CM: Other than the people and books I’ve encountered here, and the luxury of time and funding from the MFA program, I’m not sure. I grew up in a family with no money in the California high desert, but my dad is originally from Detroit. I thought maybe I’d feel something stir in me by doing the opposite of what he’d done, by coming to Michigan decades after he left it. But other than admiring that poetic circularity, I can’t say I felt any stir. Of course I continued paying attention to the details — noticing how different the weather is here, the flora, the way people talk, etc. The specifics of this place are in obvious ways in contrast to the specifics of the Mojave Desert, and it’s vital to start with the specifics before leaping to the big questions. But those big questions – Why is my home not a home? Why do I love the person I love? What am I willing to do to belong? — those questions are the same anywhere you go. Or at least, anywhere I’ve been.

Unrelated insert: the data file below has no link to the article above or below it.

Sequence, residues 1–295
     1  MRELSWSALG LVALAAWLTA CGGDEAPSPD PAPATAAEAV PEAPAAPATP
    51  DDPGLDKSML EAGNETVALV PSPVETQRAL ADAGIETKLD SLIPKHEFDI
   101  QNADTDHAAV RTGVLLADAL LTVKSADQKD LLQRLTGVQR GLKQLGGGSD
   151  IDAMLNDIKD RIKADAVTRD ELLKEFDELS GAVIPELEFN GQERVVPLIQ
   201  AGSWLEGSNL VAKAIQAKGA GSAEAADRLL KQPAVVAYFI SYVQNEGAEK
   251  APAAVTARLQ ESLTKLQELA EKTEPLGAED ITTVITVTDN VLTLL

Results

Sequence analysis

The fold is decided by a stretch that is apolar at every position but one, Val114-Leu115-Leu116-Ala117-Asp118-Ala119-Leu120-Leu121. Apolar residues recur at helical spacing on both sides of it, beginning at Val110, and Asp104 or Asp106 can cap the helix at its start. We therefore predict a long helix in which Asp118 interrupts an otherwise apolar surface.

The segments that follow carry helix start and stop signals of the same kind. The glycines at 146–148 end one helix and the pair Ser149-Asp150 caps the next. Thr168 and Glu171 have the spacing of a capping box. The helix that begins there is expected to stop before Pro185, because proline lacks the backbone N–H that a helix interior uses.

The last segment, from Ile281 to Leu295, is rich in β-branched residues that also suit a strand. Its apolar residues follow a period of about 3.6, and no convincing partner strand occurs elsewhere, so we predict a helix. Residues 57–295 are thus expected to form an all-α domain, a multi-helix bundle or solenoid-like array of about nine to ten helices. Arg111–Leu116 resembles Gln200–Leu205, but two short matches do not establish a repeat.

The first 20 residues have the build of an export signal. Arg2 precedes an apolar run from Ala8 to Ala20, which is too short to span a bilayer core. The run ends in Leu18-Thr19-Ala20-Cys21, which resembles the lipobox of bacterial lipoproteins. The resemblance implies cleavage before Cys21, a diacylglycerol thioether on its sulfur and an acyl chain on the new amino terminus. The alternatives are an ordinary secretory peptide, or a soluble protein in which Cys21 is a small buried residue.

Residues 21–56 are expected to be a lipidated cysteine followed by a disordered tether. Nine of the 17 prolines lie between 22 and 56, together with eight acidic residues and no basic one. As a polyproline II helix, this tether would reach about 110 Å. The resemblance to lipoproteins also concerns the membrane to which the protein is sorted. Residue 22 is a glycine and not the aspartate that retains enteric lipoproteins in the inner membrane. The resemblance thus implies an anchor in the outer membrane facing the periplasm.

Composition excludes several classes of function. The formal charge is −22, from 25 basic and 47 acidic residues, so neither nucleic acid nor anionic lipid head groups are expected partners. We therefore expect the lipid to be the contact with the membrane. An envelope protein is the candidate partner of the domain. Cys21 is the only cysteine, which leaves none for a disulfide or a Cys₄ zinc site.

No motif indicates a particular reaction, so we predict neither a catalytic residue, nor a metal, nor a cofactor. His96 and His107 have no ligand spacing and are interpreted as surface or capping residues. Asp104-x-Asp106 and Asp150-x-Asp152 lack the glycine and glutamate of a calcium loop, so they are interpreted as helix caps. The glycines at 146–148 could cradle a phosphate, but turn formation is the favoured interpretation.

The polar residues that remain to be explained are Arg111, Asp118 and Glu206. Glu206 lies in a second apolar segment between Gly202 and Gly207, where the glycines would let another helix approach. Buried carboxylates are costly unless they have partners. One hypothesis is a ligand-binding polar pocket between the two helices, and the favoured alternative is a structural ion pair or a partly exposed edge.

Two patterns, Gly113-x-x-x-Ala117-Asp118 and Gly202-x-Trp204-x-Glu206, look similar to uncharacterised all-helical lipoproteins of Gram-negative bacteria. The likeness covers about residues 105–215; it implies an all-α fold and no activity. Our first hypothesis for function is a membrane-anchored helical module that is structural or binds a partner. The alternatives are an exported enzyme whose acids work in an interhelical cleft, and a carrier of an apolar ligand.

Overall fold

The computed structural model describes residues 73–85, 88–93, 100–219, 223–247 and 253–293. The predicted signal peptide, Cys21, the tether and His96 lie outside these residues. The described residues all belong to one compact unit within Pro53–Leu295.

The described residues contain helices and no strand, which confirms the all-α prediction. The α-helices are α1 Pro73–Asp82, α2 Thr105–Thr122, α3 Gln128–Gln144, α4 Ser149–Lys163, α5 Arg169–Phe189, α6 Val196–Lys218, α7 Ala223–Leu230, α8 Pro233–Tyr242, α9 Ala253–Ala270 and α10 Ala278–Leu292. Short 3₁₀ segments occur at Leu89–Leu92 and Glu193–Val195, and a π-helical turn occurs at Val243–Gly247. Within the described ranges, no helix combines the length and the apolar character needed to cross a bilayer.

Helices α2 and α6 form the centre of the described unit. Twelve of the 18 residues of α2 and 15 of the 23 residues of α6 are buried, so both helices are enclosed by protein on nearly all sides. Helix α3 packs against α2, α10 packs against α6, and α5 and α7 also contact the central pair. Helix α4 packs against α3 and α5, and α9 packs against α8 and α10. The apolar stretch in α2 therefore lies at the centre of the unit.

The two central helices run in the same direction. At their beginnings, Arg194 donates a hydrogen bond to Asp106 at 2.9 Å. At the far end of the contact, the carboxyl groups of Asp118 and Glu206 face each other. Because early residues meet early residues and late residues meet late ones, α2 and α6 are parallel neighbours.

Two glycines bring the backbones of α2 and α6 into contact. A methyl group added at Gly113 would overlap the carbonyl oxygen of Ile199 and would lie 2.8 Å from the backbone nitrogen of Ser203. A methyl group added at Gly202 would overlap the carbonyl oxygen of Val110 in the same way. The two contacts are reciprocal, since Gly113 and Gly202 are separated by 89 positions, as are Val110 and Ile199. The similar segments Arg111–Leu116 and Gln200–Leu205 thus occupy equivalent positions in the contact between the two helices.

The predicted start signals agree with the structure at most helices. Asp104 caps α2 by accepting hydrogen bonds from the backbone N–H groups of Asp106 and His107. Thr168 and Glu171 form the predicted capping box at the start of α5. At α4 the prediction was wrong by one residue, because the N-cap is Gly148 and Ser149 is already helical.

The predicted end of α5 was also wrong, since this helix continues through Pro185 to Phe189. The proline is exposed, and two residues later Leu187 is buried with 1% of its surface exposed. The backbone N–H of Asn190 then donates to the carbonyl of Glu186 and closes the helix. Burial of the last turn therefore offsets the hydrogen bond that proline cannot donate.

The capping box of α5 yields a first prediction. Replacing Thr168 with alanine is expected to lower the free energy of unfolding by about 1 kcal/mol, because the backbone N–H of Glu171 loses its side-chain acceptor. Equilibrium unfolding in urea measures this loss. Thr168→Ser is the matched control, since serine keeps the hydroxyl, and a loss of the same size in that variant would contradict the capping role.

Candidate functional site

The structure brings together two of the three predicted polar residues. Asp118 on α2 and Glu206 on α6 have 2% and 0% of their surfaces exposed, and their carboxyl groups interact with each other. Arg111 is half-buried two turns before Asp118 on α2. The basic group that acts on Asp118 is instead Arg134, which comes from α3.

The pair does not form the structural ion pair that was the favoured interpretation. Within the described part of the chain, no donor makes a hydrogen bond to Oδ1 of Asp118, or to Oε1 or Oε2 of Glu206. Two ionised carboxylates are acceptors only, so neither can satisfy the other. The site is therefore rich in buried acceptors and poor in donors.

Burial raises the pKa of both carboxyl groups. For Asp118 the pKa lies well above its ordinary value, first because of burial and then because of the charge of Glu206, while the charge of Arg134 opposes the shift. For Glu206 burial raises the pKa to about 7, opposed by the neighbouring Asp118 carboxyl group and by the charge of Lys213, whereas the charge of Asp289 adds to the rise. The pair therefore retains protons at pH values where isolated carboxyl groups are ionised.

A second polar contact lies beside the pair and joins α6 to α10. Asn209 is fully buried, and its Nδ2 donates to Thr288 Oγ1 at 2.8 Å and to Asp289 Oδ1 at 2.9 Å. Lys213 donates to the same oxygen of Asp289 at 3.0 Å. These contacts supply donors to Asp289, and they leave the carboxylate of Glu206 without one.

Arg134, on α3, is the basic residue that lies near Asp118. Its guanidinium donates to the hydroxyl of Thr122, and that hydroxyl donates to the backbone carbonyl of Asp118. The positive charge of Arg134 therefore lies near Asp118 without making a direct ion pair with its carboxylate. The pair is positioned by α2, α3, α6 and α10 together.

SC: Desert Boys has been described as a bildungsroman, a novel highlighting one’s coming of age. How has your own personal history influenced or inspired the character of Daley Kushner and his development into adulthood, if at all?

CM: Like Kush, I’m the son of an Armenian immigrant. Like Kush, I grew up on the California side of the Mojave Desert and went to Berkeley for college. Unlike Kush, who is better off financially and a better student than I was, I went to a community college first. More than Kush, I felt like a fraud at Berkeley. Unlike Kush, I am straight and did not fall in love with my best friend. Unlike Kush, my mother is not sick, and my friends who went to war did not get killed in action. The list goes on, but of course all of it is me, my fears and anxieties, my doubts, my curiosities, my obsessions. It’s all me.